These figures hurt: as per the Traffic and Highways Department of Haryana, 5,118 persons were killed in road accidents in the state in 2018; in 2017, the number of precious lives lost on the road was 5,120; and in 2016, the fatalities touched 5,024. Those injured in the mishaps in each of these three years were nearly double the death casualty. What is more hurtful is the story revealed by these statistics: with the death toll hovering around 5,100 each year, the state and national highways crisscrossing Haryana continue to be unsafe, snuffing out a shocking 14 lives per day in 31 accidents, on an average. Commuters must reach their destinations safe and sound rather than fall prey to death traps.
There is hardly any traveller who can claim to have not felt his heart in his mouth as he had a close shave with another vehicle on an Indian highway. Rashly driven vehicles, overloaded trucks and buses, drivers speeding past, caring two hoots for traffic rules, are all too commonly witnessed both inside towns and cities and on highways. Not only do such drivers put their own lives at risk with reckless and irresponsible behaviour, but even innocent passersby going about their business in right earnest many a time have to pay with their limbs or lives. A little carelessness by one person behind the wheel can ruin another, both physically and financially. It is no surprise that the main causes of accidents have been identified as rash driving, wrong parking, poor road engineering, drunken driving, overloading and speeding.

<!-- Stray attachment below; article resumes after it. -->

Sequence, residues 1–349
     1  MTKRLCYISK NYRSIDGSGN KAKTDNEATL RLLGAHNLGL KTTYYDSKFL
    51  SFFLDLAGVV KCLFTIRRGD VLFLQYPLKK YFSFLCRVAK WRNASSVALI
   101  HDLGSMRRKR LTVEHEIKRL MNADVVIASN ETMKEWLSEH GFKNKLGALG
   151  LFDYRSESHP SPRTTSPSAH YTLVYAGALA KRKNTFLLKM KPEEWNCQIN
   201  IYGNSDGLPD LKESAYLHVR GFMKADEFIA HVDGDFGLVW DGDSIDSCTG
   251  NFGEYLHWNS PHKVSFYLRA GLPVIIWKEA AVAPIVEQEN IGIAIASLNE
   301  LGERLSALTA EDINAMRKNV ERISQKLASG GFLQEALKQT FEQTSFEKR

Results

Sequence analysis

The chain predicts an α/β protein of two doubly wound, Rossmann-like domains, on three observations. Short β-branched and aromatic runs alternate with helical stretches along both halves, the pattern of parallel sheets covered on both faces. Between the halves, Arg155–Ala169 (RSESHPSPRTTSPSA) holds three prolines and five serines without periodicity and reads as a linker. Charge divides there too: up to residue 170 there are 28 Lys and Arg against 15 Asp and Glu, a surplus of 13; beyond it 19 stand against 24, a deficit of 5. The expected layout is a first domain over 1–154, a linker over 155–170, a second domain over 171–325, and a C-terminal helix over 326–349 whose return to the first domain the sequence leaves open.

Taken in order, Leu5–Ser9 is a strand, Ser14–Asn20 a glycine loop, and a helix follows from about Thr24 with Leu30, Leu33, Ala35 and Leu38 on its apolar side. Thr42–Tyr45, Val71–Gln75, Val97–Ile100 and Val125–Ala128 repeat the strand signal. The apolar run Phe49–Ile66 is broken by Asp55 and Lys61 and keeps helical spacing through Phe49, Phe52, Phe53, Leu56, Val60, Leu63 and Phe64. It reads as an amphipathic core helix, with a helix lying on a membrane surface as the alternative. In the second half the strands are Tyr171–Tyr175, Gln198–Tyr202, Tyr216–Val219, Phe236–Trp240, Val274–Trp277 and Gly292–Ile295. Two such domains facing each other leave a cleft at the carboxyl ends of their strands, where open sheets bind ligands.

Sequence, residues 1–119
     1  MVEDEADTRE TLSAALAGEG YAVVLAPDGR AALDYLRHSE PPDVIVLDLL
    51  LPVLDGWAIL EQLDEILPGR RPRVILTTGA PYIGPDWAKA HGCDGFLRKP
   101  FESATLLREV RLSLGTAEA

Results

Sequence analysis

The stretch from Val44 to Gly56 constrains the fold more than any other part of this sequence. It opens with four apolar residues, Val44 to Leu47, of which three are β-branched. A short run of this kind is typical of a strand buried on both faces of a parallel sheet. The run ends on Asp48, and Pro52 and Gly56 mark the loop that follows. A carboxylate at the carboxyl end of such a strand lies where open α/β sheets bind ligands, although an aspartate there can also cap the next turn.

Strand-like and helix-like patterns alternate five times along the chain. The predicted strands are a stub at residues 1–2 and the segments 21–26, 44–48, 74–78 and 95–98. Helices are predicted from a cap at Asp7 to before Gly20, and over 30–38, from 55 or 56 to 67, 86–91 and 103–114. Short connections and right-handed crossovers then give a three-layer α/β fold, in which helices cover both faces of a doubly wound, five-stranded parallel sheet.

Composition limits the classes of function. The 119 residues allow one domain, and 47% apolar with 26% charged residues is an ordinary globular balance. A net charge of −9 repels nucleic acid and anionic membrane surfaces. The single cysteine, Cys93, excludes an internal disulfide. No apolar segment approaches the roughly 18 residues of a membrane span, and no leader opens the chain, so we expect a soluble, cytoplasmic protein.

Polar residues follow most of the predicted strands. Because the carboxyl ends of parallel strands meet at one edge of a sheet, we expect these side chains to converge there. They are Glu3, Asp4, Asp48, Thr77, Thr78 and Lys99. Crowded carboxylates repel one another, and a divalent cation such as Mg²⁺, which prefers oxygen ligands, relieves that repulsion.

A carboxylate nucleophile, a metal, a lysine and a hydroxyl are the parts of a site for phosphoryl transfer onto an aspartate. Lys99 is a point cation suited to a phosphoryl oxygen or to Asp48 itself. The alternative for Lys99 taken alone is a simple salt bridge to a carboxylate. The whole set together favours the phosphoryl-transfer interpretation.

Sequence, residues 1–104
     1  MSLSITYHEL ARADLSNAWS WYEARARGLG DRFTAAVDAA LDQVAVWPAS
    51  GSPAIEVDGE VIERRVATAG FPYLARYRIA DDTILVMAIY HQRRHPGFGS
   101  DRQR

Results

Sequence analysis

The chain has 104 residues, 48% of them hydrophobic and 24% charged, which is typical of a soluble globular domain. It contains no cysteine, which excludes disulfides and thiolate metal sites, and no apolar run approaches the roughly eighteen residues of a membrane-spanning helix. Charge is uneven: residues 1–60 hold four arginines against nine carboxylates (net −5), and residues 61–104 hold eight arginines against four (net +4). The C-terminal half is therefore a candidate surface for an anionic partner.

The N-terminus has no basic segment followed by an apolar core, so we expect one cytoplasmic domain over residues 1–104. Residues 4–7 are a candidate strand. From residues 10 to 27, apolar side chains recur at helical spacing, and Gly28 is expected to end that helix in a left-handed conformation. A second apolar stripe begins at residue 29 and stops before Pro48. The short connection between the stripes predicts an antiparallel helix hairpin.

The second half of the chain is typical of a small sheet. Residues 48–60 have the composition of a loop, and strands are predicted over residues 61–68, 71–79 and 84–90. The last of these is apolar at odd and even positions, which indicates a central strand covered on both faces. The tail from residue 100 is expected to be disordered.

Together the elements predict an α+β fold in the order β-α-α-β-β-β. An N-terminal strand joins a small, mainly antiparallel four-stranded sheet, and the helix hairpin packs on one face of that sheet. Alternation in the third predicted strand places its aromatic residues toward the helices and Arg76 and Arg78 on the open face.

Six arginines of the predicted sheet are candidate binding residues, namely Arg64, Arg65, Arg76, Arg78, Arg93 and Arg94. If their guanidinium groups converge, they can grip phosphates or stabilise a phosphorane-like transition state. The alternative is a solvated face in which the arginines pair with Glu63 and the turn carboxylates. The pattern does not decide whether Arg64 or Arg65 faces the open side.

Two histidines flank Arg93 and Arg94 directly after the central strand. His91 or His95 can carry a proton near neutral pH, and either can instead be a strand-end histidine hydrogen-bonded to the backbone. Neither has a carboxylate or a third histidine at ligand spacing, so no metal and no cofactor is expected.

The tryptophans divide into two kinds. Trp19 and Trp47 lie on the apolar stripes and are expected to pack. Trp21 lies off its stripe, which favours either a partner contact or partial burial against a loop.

As the road safety week begins on February 4, the authorities and people of Haryana need to resolve to abide by traffic rules and not just indulge in empty sloganeering. Accidents are very much avoidable. Education about road safety and rules must begin in schools. Only if every road user drives carefully and those violating rules are fined heavily will the mishap rate drop. The authorities must review accident-prone spots, width of roads and lanes as also weed out incompetent drivers obtaining licences fraudulently and unroadworthy vehicles. We have tolerated far too much death and mayhem on our roads.